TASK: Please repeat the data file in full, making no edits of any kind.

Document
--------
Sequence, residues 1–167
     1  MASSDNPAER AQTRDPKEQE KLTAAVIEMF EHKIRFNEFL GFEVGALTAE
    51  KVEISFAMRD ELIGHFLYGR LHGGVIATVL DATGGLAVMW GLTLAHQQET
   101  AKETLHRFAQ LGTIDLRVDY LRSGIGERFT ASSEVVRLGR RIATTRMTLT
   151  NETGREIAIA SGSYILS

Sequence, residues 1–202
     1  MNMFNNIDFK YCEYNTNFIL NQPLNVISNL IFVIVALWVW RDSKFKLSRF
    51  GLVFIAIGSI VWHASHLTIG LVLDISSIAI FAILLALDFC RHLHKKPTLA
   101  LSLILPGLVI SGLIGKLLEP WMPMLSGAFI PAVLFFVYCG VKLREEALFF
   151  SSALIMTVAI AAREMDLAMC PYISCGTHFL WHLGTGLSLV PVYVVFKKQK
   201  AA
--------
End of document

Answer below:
Sequence, residues 1–167
     1  MASSDNPAER AQTRDPKEQE KLTAAVIEMF EHKIRFNEFL GFEVGALTAE
    51  KVEISFAMRD ELIGHFLYGR LHGGVIATVL DATGGLAVMW GLTLAHQQET
   101  AKETLHRFAQ LGTIDLRVDY LRSGIGERFT ASSEVVRLGR RIATTRMTLT
   151  NETGREIAIA SGSYILS

Sequence, residues 1–202
     1  MNMFNNIDFK YCEYNTNFIL NQPLNVISNL IFVIVALWVW RDSKFKLSRF
    51  GLVFIAIGSI VWHASHLTIG LVLDISSIAI FAILLALDFC RHLHKKPTLA
   101  LSLILPGLVI SGLIGKLLEP WMPMLSGAFI PAVLFFVYCG VKLREEALFF
   151  SSALIMTVAI AAREMDLAMC PYISCGTHFL WHLGTGLSLV PVYVVFKKQK
   201  AA